Active FTP vs passive FTP

Active and passive are the two modes that FTP can run in. FTP is kind of a weird protocol because it use two ports, one for the command channel (by default TCP 21) and one for actual data transfer (TCP 20). It’s a nifty way of sending commands to the server without having to wait for the current data transfer to finish, but it’s make thing pretty difficult when you have NAT and firewall on the way.

Active mode

In active mode the client connects from a random unprivileged port (N > 1023) to the server’s command port (TCP 21). Then the client starts listening to port N+1 and sends the FTP command PORT N+1 to the server. The server will connect “back” to the client’s specified data port from its local data port (TCP 20).

If both host are on the same network, this mode work great. If you have a firewall and/or a router on the way, that a different story. For a firewall/router it appear that an outside host is initiating a connection to an “internal” client which is generally forbidden. And even if it wasn’t forbidden, the router doing NAT doesn’t have any idea to which host forwarding the connection.

Passive mode

In passive mode the client is responsible for initiating both connections to the server, solving the problem of firewalls/routers filtering. It work like this: when opening an FTP connection the client opens two random unprivileged ports locally (N > 1023 and N+1). Then it contact the server on port TCP 21, but instead of issuing a PORT N+1 command it use the PASV command. In respond the server opens a random unprivileged port (P > 1023) and sends the port number back to the client. Then the client initiates the second connection from its second port (N+1) to the specified server’s data port (P).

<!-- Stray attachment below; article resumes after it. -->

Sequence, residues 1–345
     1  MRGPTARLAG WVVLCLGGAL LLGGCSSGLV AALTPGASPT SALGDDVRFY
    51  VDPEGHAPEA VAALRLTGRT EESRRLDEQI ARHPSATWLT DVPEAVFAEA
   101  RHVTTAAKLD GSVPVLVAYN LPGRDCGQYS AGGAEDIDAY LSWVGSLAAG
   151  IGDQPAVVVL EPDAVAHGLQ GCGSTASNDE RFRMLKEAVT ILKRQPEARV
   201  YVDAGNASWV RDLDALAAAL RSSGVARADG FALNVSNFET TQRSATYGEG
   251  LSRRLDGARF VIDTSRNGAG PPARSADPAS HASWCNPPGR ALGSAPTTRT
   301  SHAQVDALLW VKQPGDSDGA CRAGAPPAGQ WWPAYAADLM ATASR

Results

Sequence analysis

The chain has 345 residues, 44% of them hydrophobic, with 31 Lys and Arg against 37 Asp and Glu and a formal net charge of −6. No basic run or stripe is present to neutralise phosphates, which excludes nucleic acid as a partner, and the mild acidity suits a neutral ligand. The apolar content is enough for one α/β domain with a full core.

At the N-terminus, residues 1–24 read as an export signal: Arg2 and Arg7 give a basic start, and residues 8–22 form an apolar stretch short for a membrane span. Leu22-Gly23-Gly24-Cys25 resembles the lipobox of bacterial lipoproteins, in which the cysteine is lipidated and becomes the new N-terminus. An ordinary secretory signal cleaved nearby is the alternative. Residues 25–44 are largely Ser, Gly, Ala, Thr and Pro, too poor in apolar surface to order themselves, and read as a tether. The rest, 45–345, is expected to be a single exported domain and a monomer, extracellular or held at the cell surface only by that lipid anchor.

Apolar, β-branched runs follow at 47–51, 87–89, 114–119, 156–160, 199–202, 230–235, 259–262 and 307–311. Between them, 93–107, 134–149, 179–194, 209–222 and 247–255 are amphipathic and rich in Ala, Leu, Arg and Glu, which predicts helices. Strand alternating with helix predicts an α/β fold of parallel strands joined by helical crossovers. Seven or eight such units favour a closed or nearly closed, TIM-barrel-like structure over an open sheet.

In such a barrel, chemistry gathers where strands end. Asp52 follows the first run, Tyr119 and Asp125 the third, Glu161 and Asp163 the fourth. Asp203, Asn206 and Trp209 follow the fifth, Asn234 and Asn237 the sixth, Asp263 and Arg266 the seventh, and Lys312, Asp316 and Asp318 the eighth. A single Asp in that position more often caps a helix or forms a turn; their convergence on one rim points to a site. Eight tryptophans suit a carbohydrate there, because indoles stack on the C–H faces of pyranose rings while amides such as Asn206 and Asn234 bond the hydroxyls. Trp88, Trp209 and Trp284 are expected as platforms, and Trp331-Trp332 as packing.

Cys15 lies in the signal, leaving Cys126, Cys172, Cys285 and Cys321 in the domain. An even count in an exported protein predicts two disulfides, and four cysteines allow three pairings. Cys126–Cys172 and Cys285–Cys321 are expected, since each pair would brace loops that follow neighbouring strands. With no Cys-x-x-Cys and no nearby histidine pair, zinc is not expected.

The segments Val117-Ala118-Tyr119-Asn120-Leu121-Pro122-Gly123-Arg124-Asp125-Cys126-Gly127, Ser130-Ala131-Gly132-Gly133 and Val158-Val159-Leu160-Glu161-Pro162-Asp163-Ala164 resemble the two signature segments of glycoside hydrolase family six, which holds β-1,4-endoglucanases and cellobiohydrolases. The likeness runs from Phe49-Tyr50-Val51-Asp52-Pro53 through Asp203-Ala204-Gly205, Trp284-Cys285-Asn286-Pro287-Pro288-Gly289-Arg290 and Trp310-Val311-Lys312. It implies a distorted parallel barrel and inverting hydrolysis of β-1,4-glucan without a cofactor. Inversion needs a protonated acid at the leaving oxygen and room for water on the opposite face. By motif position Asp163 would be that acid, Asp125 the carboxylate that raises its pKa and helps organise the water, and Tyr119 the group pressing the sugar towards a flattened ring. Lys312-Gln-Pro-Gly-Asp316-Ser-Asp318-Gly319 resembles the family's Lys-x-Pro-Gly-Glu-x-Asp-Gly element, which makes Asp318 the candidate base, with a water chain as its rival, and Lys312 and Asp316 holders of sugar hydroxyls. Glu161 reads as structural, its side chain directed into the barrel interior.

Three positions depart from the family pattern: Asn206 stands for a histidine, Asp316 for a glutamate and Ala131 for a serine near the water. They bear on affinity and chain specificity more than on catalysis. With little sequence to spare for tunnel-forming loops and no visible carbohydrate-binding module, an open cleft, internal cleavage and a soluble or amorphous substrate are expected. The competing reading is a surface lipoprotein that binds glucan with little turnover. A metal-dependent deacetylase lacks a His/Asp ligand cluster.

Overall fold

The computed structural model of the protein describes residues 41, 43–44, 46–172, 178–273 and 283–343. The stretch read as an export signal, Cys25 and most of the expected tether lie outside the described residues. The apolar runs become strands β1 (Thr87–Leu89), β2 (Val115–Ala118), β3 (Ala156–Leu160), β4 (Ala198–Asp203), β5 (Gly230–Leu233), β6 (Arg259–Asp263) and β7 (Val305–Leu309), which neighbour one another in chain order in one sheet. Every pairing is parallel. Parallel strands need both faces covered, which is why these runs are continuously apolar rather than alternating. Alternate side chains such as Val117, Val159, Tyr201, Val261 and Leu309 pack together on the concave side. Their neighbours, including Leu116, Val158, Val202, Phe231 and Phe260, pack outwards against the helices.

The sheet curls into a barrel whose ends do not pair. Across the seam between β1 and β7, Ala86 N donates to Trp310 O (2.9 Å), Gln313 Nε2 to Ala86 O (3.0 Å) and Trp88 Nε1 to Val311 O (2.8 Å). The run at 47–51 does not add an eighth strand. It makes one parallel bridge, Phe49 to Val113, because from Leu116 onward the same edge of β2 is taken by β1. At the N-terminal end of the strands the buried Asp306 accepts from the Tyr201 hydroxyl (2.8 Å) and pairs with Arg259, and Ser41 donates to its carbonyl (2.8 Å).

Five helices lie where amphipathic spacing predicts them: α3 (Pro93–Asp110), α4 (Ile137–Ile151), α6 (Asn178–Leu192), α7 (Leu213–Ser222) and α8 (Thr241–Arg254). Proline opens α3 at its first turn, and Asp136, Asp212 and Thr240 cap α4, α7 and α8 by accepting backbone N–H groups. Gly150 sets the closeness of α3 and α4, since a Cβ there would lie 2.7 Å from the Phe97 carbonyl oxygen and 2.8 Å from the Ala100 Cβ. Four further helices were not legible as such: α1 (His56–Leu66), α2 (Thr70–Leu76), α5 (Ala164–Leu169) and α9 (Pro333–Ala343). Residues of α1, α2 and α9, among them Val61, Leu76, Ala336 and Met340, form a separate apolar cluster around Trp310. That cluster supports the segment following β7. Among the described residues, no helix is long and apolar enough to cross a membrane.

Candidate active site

Which mode should i use ?

Short anwser: passive mode. There are three reasons for that:

  • pretty much everybody is doing NAT
  • many people use their web browser as an FTP client, and browsers only support passive mode
  • It’s true that passive mode opens up a whole new range of problems on the server side, but you are on the server side 😉

Further Reading and sources

[OpenSSL] Generate a self-signed SSL certificate

First let generate an RSA key for the server:

openssl genrsa -out server.key 2048

Next, for a “true” certificate, we must generate a certificate request (CSR).
But for a self-signed certificate, we can generate it directly like this:

openssl req -new -days 3650 -key server.key -out server.csr

Here we will generate a x509 certificate valid for ten year. You don’t have to respond to any question beside the “Common Name ( eg, YOUR name )“. Correct value is the domain name you are going to use the certificate for.